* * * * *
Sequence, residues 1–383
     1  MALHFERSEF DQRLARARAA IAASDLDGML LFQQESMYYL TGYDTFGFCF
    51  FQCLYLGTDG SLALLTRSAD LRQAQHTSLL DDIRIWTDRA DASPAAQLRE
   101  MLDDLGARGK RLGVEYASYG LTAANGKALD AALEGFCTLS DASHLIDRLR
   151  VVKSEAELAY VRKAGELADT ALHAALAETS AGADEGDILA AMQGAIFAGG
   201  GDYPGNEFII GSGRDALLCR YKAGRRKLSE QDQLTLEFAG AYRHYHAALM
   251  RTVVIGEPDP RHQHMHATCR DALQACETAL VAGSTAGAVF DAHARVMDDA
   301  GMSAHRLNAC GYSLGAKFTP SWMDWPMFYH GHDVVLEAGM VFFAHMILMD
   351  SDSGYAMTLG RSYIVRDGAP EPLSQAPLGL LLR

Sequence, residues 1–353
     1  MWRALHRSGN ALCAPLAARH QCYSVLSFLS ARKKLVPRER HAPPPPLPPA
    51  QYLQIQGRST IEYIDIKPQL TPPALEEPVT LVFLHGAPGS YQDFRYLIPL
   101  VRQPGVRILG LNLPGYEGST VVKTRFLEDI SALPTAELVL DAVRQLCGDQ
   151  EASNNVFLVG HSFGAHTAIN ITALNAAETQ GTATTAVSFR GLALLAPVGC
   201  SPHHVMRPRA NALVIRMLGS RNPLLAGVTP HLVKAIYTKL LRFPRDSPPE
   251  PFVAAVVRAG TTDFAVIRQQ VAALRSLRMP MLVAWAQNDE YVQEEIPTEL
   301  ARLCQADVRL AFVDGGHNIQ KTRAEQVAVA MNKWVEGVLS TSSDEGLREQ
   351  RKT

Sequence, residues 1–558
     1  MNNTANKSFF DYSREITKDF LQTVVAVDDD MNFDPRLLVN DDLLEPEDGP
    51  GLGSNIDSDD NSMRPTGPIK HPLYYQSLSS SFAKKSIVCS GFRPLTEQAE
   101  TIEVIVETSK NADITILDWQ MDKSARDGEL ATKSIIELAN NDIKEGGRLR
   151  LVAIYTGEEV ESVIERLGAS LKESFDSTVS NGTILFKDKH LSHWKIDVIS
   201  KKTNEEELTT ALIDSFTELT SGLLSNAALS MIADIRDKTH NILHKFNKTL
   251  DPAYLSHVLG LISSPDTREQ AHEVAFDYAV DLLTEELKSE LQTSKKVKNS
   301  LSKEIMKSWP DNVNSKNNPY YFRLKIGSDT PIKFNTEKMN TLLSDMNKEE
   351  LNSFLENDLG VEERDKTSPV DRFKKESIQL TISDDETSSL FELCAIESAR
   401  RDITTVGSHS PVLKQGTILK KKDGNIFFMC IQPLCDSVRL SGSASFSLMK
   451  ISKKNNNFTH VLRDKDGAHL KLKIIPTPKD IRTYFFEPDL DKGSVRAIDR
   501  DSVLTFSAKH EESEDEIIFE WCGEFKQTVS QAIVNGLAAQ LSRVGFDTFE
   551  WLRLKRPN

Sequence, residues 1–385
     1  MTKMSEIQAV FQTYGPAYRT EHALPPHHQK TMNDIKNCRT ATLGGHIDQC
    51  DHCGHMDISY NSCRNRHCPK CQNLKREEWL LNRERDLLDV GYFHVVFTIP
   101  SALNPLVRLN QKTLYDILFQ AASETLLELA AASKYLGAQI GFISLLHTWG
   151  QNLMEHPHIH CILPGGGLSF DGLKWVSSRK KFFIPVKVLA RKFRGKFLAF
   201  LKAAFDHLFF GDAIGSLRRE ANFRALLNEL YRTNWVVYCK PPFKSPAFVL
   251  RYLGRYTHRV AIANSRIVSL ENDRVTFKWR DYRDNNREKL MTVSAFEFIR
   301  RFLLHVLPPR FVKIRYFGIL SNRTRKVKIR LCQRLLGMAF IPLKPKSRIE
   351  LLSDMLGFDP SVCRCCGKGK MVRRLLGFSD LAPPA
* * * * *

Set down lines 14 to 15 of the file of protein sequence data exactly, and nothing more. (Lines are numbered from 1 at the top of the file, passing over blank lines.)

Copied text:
   151  EASNNVFLVG HSFGAHTAIN ITALNAAETQ GTATTAVSFR GLALLAPVGC
   201  SPHHVMRPRA NALVIRMLGS RNPLLAGVTP HLVKAIYTKL LRFPRDSPPE